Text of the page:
Setting Up VHF receiver for air-traffic communication

Well, as people who follow ATCO2 project know, that it is about converting communication between pilot and air traffic controller (or controller in short) from voice to text.

Obviously one needs to have the voice recordings in order to be able to do the conversion and this will be the focus of this blog post - we’ll take a look at how to set a VHF (very high frequency) receiver. Luckily it is really simple and a person interested in eavesdropping to pilot-controller dialogue does not have to be an expert in radio equipment.

So, what is needed to get started?

  1. A Raspberry Pi (RPI)
  2. USB power supply for the RPI
  3. LAN cable (for initial set-up)
  4. MicroSD card
  5. One or more RTLSDR USB sticks
  6. An antenna

These things will make set-up easier:

  • USB extension cables for the SDR USB sticks
  • Monitor and keyboard if you want to set-up the RPI without LAN cable


Setting up Raspberry Pi

The first step to get started is to set up the Raspberry PI, a versatile single-board computer that can be used for developing pretty much anything.

More about the Raspberry Pi project can be found here:

As the Raspberry Pi project has produced really easy to follow instructions on their homepage, we are not going to give exhaustive instructions here. Instead we’ll guide people to here:

Installing the ATC software

Alright, hopefully by now you have a Raspberry Pi ready to be used. Next, software to enable radio signal reception needs to be installed. The following is based on the instructions given here:

The software is based on RTLSDR-Airband. It’s beautifully crafted open source software that can be found here:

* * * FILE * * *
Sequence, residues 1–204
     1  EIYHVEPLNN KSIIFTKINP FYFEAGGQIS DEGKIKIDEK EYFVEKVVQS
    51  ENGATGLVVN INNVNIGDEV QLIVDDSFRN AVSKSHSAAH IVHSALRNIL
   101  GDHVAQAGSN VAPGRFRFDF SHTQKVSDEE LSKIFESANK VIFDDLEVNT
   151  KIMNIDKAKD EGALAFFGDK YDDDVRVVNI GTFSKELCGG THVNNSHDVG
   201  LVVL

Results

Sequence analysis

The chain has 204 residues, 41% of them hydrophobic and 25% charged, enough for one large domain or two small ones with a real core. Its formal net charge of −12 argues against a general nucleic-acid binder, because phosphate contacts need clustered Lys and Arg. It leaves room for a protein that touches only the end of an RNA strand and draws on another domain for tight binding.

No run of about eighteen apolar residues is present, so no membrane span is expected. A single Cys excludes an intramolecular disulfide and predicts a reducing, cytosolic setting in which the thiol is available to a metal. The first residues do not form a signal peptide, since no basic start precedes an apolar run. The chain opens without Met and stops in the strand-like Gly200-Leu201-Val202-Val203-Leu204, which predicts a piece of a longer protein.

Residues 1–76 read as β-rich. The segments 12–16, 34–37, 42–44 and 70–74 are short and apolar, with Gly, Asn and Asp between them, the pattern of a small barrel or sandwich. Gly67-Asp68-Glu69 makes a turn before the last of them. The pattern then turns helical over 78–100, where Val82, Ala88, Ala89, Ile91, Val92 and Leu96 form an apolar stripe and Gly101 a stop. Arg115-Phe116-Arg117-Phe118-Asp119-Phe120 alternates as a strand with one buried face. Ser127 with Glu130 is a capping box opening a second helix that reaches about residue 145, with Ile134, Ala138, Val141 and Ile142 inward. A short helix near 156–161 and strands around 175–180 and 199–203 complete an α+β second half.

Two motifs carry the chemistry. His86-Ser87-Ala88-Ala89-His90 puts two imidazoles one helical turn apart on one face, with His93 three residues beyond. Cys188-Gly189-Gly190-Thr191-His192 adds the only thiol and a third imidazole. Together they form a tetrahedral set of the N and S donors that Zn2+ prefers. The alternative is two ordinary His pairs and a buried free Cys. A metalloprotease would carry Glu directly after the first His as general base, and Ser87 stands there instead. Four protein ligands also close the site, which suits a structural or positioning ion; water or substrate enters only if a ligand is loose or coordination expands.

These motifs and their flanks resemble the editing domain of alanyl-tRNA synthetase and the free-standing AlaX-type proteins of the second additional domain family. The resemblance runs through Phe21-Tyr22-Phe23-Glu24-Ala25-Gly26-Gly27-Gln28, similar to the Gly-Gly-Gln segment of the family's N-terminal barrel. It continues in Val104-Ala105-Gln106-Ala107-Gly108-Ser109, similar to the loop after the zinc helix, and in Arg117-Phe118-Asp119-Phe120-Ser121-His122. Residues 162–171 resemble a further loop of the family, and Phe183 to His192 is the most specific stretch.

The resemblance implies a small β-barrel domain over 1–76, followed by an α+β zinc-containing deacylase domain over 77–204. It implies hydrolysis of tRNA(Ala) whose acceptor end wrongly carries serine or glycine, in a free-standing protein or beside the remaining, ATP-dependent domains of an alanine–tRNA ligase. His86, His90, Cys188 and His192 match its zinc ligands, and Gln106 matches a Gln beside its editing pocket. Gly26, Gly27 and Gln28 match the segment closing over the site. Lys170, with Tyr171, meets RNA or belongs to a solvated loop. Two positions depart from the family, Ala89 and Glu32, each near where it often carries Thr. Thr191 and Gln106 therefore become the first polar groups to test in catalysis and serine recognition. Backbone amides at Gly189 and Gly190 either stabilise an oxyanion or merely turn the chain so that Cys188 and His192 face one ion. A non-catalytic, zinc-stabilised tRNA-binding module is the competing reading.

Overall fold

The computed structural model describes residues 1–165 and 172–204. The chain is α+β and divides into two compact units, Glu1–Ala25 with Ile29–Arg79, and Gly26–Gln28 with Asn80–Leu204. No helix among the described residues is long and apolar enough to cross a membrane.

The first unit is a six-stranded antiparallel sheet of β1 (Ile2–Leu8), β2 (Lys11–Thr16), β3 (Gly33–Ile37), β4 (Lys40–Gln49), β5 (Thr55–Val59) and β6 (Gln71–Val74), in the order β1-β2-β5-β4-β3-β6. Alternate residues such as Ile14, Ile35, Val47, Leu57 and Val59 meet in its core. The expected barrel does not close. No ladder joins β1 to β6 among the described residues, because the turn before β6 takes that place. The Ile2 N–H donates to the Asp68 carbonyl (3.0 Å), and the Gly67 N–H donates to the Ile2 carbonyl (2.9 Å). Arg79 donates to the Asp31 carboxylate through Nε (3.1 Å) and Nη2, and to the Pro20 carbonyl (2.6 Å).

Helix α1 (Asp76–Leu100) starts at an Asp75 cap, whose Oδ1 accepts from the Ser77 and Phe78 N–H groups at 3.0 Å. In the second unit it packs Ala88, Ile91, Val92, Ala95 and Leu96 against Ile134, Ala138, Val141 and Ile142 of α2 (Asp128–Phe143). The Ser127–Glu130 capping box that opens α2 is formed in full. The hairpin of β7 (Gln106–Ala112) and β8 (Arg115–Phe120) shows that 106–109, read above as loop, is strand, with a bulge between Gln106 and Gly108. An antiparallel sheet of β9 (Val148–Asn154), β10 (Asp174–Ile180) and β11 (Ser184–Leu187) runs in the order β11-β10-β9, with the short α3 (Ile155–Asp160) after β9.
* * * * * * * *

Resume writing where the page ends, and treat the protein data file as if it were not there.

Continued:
It pretty much has three main parts in it:

  1. Set up Raspberry Pi. As we described it earlier, you do not do anything here
  2. Install RTL-SDR Airband software and all required utilities. We have made an effort to automate this step so all you need to do is to execute a few commands on your Raspberry Pi terminal window.
  3. Modify the RTL-SDR Airband config file. We have created some functions that will help you along the way.

(I live in Tallinn, Estonia so the following examples are based on that.And although you can have more than one receiver dongle attached to your Raspberry Pi, the following example assume only one)


a. Hit “Add New” button and hit to confirm your choices


(Note the comments explaining some of the choices you need to make. You can have more than 1 one receiver dongle per your Raspberry Pi)


b. Specify parameters related to the receiver location


(It will be used for proposing frequencies you could listen to by searching airports that are close to your location. Pick one method to localize yourself.)


c. Choose an airport of whose communication you would like to listen to


(Normally you would not one want to pick one that is further than 10km or so. But in some cases it would be of interest. For example, when you're directly underneath the descend route and would like to eavesdrop pilots’ talk. In this case you’ll probably have a bad reception of the controller's voice).


d. Choose the frequencies you would like to record.


(You basically can choose to listen to more than one frequency. BUT if the difference between the frequencies is greater than the one you specified in step “a)” then an error message will be given. It looks something like that: Bandwidth of device 0 - My New VHF Receiver exhausted! Used bandwidth 7.300000000000011 - available 2.4”

If you see something like that, then just reselect frequencies that you want to follow and consider using multiple SDR dongles)


e. Place the config file to the right place



After you download the configuration file, place it to the right folder and restart the device, the receiver will start to record the communication taking place on the frequency. By default The audio files will be created to "/home/pi/output_airband"

You can make whichever modifications to the configuration file. The instructions can be found here:


f. Hear the skies with your new VHF receiver

In this instance, you probably have set up both, hardware and software. Now, it is time to start hearing what’s in the sky. Firstly, you need to open a terminal and type “rtl_airband -ef”. After some time, you’ll see in the terminal, the frequencies that your receiver is “hearing” and when you see “*” that means that the recording system has been activated and an output file is going to be created.

After some time, you could check the following folder → ~./output_airband/ to see the segmented files in “cs.16” format, accompanied by a “” file, which shows some key information.

And that’s it. I hope you enjoy following what’s going on in the skies above you. And don’t forget to contact any of the project members should you have any comments.